There’s an almost unbroken line of mothers passing on their weaving occupations to their children in my family, beginning with my great-great-great-great-grandmother and ending with me.
In this case, the “beginning” is marked by the first national dataset in Scotland that recorded information about individuals’ occupations (the 1841 census) – it’s highly likely that the family were involved in the trade for generations prior to that, but the evidence to support this doesn’t exist.
Digging about among national datasets is a skill in and of itself – sometimes the beautiful copperplate script of a census page or birth/marriage/death certificate has been mis-transcribed and a surname is changed (York to Yorke, Davie to Davis, Thow to Thom). The census is an ever-changing document – the details recorded change over time: number of rooms with windows in 1901 census or before; number of live children from total children in the 1911 census. Both parents occupations are on my marriage certificate, but that’s a change that took place sometime between 1972 and 2014. This makes following women’s occupations over time a little trickier than for the men. Women’s occupations are recorded on census returns, on their marriage certificates, and on their death certificates; men’s occupations were also recorded on their children’s marriage certificates, giving extra points of occupational data collection for men whenever a child of theirs married. Nevertheless, the data available on women’s occupations revealed a consistent story.
The women in my family have been handloom weavers, powerloom weavers, yarn winders and the office girl in a weaving factory. They were weaving brown linen until the late 1800s (long after it had been stopped in other parts of Scotland and the UK) before shifting to jute in the early 1900s.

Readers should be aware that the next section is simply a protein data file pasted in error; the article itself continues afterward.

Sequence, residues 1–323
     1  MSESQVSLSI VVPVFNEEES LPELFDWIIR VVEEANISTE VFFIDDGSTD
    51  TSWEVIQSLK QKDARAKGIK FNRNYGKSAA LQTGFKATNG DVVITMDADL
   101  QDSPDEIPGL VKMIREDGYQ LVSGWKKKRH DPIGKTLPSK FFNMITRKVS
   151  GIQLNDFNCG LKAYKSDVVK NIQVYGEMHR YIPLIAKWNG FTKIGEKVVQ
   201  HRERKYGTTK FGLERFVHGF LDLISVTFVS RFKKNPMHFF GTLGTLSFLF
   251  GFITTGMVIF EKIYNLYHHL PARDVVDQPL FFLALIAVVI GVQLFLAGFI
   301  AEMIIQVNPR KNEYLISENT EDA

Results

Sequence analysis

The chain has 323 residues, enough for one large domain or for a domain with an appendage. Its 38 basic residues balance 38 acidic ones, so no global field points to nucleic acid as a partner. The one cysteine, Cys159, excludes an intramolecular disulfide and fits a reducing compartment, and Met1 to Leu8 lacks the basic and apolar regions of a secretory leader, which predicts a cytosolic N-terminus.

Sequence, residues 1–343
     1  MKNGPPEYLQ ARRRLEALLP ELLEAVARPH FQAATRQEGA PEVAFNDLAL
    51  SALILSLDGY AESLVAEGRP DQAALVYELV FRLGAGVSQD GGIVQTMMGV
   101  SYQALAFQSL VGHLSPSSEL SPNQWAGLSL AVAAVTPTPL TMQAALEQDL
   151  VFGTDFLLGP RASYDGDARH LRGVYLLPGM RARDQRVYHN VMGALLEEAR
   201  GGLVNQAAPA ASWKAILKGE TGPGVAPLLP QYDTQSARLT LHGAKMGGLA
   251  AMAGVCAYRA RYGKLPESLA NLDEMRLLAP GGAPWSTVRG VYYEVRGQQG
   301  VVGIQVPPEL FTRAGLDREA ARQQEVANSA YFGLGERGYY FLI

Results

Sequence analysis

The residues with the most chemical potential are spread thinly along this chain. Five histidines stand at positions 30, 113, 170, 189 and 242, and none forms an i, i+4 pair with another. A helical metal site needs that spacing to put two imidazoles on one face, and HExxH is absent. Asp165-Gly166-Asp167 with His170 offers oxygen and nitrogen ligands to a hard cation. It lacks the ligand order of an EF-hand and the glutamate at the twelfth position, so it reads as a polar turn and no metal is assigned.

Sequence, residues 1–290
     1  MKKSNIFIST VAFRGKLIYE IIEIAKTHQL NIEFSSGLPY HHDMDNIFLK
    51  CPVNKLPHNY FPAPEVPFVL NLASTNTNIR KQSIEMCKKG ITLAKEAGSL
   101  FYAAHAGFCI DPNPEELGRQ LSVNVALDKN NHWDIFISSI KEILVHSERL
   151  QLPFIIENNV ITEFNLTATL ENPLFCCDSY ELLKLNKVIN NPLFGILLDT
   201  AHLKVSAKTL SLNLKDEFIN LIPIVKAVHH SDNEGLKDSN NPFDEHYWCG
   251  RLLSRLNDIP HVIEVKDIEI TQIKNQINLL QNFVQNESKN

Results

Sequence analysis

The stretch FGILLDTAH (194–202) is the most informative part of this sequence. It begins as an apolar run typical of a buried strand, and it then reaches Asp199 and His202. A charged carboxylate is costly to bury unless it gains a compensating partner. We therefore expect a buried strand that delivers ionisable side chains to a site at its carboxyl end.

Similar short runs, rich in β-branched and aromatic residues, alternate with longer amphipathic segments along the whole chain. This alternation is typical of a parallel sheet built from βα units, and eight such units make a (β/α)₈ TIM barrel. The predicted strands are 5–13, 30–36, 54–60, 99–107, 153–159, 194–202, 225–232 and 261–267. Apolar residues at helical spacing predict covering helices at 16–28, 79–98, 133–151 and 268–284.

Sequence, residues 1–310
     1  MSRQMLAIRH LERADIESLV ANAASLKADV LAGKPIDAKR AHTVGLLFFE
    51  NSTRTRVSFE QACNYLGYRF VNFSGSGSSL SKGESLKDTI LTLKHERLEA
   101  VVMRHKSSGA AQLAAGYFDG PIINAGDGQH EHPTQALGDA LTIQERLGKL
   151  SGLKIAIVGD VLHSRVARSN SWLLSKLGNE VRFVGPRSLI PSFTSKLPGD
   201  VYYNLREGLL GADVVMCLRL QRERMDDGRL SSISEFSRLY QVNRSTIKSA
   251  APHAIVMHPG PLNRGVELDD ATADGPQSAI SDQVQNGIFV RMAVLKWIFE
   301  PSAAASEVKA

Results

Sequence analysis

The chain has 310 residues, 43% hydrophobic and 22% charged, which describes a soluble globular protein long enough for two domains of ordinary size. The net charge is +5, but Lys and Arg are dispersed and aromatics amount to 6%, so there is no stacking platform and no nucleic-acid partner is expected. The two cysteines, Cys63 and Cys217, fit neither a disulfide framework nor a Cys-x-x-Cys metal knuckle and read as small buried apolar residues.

The New Statistical Account of Scotland, 1834-1845, written by local clergy, documents the involvement of each parish in different trades. This includes quantitative information on the numbers occupied in each profession, quantities of materials manufactured and where they were sold, hours of employment, rates of production, rates of pay. It also includes social (moral?) commentary. In Carmylie, the minister felt that weaving offered women “no good training for their management of household affairs” but noted that the manufacturing process now offered gainful employment “to various old women in filling pirns” (around which yarns are wound before being inserted into weaving shuttles).
With the development of flax spinning mills, women’s work shifted from handspinning flax fibres to weaving alongside men, at home and in factories. Prior to this, there was a gendered division of labour with women spinning from home and men weaving. The reasons for this are often given that spinning was more suitable for women to stop and start around their domestic chores, including childcare, while weaving required additional physical strength so was more suited to men. Weaving is more physical than spinning, but not so much that women are unable to perform the task as can be seen in the shift to weaving after the loss of spinning opportunities described in the New Statistical Accounts and also seen in my own family tree.